P.S. At the opening the night after the game, I introduced my son: “Allegra, this is Javi; Javi, this is Allegra, I killed her cleric last night.” I wish to apologize for this grave injustice. In point of fact, her cleric died of willingly drinking from a poisoned fountain, a heroic sacrifice that proved to be the party’s (temporary) salvation.


Roleplaying Artifact Use in Gamma World


Artifact chart

Gamma World artifact chart C


One of the awesome things about the original Gamma World is its system for deciphering the function of technological artifacts. This is a super fun part of play in both Gamma World and Metamorphosis Alpha, although I find the simple percentage chance Ward used in MA much less compelling than the flowcharts Ward & Jaquet provide for GW (and Gygax picks up for the Barrier Peaks AD&D module).

Although the coolness of all these boxes, arrows, and skull and crossbones is self-evident, the first time I used it in play was underwhelming. I love the mini-games within old-school RPGs, but this one is akin to Candyland in its total lack of choice; you’re simply rolling a series of dice with no guidance as to what each die roll means, until eventually you either master the controls of the Ronco Inside-The-Shell Electric Egg Scrambler or accidentally detonate its nuclear power plant.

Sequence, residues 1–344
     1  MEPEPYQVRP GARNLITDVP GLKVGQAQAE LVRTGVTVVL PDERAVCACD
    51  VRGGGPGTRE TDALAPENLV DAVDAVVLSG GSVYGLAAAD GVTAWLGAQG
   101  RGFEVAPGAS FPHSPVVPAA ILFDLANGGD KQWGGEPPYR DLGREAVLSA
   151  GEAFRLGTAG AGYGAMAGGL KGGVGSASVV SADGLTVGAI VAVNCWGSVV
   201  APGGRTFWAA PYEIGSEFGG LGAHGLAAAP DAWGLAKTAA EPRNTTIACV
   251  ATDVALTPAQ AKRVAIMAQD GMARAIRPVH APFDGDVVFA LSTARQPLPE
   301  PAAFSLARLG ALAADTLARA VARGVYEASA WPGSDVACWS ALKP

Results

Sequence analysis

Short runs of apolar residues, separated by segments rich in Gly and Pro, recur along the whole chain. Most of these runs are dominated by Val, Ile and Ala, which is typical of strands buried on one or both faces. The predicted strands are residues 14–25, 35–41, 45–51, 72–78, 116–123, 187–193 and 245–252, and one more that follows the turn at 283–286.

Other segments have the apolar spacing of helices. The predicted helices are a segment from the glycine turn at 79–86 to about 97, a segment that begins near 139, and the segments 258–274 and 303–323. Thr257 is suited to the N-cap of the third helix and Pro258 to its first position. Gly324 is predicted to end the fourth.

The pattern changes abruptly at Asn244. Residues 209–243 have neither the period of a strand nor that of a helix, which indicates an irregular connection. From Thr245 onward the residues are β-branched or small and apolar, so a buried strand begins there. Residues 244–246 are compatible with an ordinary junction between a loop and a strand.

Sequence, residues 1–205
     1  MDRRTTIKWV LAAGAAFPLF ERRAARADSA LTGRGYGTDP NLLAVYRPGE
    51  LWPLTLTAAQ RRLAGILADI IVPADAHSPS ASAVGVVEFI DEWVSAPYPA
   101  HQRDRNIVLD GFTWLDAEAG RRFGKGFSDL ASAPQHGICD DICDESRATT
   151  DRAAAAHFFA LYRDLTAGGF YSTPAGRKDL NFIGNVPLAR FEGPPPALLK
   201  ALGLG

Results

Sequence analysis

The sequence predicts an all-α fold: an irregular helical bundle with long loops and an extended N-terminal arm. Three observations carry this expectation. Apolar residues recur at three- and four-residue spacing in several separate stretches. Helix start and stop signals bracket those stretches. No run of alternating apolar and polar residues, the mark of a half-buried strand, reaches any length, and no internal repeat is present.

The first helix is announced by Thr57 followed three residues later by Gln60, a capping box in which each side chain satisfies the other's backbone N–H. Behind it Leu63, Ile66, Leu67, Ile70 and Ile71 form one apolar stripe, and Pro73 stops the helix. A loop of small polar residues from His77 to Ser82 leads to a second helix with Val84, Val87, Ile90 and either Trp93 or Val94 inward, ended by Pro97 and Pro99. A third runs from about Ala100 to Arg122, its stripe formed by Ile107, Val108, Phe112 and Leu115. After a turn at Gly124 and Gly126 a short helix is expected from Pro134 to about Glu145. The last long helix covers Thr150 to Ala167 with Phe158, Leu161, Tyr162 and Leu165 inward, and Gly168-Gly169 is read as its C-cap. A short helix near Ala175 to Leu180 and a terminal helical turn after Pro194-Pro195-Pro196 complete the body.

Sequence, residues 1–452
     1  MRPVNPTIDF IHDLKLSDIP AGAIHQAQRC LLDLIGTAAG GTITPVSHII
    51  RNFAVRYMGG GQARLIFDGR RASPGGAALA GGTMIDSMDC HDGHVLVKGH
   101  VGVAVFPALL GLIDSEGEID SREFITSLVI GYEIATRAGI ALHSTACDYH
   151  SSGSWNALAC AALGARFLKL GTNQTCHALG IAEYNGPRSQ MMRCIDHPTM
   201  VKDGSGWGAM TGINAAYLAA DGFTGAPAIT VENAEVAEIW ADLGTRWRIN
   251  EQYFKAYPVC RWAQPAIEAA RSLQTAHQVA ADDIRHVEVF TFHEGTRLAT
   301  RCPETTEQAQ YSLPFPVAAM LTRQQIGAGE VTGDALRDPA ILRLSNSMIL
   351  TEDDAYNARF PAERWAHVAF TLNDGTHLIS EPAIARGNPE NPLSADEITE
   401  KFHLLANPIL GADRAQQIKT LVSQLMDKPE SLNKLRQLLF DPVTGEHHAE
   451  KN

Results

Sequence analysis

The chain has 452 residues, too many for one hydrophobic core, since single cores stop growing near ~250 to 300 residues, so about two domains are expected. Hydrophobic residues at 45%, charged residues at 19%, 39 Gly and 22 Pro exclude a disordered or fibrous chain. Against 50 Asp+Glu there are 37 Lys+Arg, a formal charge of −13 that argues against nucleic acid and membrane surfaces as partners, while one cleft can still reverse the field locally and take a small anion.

Candyland is well designed as a boardgame for families with young children because of its competitive aspect. Its reliance on pure chance instead of choice means all players are equally matched, preventing more-skilled players from having to choose whether to handicap themselves and let the kids win, and thus teaching the important lesson that victory and defeat are fun parts of the game for everyone. But the competitive aspect of the Gamma World charts is erratic at best. I didn’t know until reading this pleasingly advanced-math-heavy essay at the Acaeum that you were only allowed to make five rolls on the artifact chart per hour, and I think there’d be a limit on the number of times I could GM-engineer a situation where the players were racing against time to decipher an artifact before something excitingly bad happened.

The first time I used the artifact charts, I laid them out in full view of the players, placed a marker on their starting square, and asked them to roll to see where they went. As their marker traveled to different squares, I’d try to provide some description of what was happening and have them tell me what they were doing to make the next roll, but it wasn’t very convincing; the players could see that it was all just a big abstract mechanistic flowchart, not a complex situation in which their decisions & my responses mattered. Also, no one in this original group had a PC with an Intelligence score or a mutation that would make figuring it out more likely, so there was a lot of going around in circles: 7, you go nowhere; 9, you’re back where you started. This repetition tended to make a further mockery of my descriptions and attempts to make it seem like the PCs had choices.